• DC Crew

When it Comes to Cannabis Will Facebook Finally Get Friendly?


Anyone who has tried to run a cannabis-related business on Instagram or its parent-site Facebook anytime over the past five years can attest to the draconian and downright ignorant way that the social media monopoly treats the plant and those connected to it.


You don’t even have to be selling or even promoting actual cannabis to feel their wrath as news agencies, clothing companies, and even California’s governing regulatory agency the Bureau of Cannabis Control have all gotten ghosted by the platforms in the past simply for having a name or a caption or any shred of connection to weed.


Companies and individuals spend hours each week providing free content to these applications only to have their accounts deleted without warning and usually with little or no recourse to get them back.


In recent years Facebook has throttled back all traffic on non-paid advertising on its platform from business pages. Instead, they bombard you with offers to pay-to-play whereby you can give them a chunk of money and hope that your message will reach all of the audience members who voluntarily followed you to begin with.



As filthy a form of late-stage capitalism as that is, they don’t even make that an option if they catch the slightest whiff of kush coming off of your web presence.


From Patchouli Oil to PeliNails, Facebook has become a barren wasteland for advertisers of counterculture products, particularly those that pertain to pot.


Instagram functions in much the same way, with paid advertising options available for vanilla products and services, but as soon as you try to spice it up a bit, or skirt their cashcow scheme, they drop the ban hammer fast and hard.


Even if they do not delete your account outright, which they do to canna-businesses every single day, they have ways of “shadowbanning” you and your account so that you simply do not show up in your followers’ feeds or in public searches. They will even shadowban certain hashtags so that if you unwarily use one, you can find yourself ghosted by the system as your engagement and follower count plummet.


Certainly we can understand some rules and regulations about what can and cannot be sold on these popular platforms but in case you haven’t noticed Mr. Zuckerberg, cannabis is legal medicinally in 33 states plus D.C. and recreationally in 10, with New Mexico advancing legislation in their quest to become # 11 just today.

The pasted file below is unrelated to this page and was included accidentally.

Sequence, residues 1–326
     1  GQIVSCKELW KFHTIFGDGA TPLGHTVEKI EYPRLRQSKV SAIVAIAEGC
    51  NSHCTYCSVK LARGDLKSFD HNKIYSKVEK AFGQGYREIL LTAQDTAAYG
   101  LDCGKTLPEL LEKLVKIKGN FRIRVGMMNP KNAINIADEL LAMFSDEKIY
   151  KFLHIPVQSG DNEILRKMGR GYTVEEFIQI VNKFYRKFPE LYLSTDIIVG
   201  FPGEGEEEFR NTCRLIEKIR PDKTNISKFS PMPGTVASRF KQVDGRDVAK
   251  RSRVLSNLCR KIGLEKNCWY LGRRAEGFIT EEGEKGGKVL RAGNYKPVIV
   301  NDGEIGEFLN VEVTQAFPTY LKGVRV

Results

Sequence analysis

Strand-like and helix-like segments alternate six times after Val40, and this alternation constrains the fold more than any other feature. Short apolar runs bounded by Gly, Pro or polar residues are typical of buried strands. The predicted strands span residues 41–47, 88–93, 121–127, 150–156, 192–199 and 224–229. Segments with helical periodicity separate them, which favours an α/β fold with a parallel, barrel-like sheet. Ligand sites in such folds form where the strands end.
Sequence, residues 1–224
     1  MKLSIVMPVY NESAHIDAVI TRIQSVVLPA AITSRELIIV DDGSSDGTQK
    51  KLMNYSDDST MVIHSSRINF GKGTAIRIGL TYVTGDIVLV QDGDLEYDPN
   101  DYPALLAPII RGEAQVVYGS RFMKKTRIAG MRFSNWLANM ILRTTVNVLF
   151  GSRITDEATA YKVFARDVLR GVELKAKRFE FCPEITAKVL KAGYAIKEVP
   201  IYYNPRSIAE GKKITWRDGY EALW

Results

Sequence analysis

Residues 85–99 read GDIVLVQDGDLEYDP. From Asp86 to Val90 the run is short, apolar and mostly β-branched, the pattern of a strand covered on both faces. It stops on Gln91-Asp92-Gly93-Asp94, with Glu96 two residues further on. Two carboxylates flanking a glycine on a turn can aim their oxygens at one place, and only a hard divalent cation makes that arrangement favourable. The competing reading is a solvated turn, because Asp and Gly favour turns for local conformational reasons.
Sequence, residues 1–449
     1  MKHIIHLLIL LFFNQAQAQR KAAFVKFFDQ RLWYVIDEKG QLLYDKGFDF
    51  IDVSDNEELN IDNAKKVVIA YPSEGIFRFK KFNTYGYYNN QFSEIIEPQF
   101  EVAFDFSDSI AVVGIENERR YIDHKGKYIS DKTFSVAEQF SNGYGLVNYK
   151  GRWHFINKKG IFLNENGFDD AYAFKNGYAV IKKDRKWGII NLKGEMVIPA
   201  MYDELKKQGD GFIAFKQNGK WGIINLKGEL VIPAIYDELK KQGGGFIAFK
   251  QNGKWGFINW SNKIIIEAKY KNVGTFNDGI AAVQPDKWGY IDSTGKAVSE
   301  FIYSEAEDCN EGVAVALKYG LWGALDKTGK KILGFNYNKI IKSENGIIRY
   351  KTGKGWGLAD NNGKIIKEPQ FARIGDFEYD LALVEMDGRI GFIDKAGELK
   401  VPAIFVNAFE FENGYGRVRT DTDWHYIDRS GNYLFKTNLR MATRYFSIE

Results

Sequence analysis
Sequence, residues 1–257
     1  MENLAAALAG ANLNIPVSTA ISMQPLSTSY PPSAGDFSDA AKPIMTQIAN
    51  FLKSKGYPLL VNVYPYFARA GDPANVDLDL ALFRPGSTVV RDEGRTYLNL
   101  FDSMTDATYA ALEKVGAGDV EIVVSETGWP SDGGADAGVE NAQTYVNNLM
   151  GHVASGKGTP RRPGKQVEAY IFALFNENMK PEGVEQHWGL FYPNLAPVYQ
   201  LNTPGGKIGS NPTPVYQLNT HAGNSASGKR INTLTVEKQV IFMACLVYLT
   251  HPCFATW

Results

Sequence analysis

Not only is cannabis legal in a vast majority of the U.S., but it is possibly the most heavily regulated industry we can think of.


Facebook wonders, if they allow weed ads, how will they keep them from reaching underage users of the app? How, they ask, will they keep people under the age of 21 from stumbling across a cannabis ad?


Well, for one thing, states like California have very strict guidelines as to what your cannabis ads can look like in any format, and anything that looks like it would appeal to kids is expressly prohibited. It costs a legal cannabis company tens, or hundreds, of thousands of dollars to get into the industry, do you really think they will risk all that to try to convince a teenager on the internet to buy an 8th of bud?


Secondly… HOW DO YOU KEEP THEM FROM SEEING ALCOHOL ADS? Do that.


The fact that these questions are being asked at all by the powers that be at Facebook are equal parts frustrating but encouraging as they were revealed as part of a leaked internal policy discussion at Facebook corporate over their handling of “regulated goods” which legal cannabis has become in more and more corners of the globe.


According to the leak, FB officials were quoted as saying, “Our policies at the moment do not allow for the sale of marijuana on the platform. We want to consider whether we can loosen this restriction, especially in relation to medical marijuana, legal marijuana and brick and mortar stores.”


Apparently the behemoth corp is considering allowing legal cannabis companies to advertise products and even process on their own pages and feeds, but will still prohibit such activity in the “Marketplace” section of the site and in the pay-to-play advertising options.


Regardless of these caveats, the move would mark a long-overdue about face on the subject from Facebook and hopefully the looser rules would carry over to Instagram as well.


The fact of the matter is, while both Facebook and Instagram can be awesome tools to reach your audience and even to drive sales for your business, they are a high risk basket to put all of your marketing eggs in. Your best bet is to build your own space online, and just use platforms like these to supplement your own growth.

© 2014 by Disorderly Conduction.

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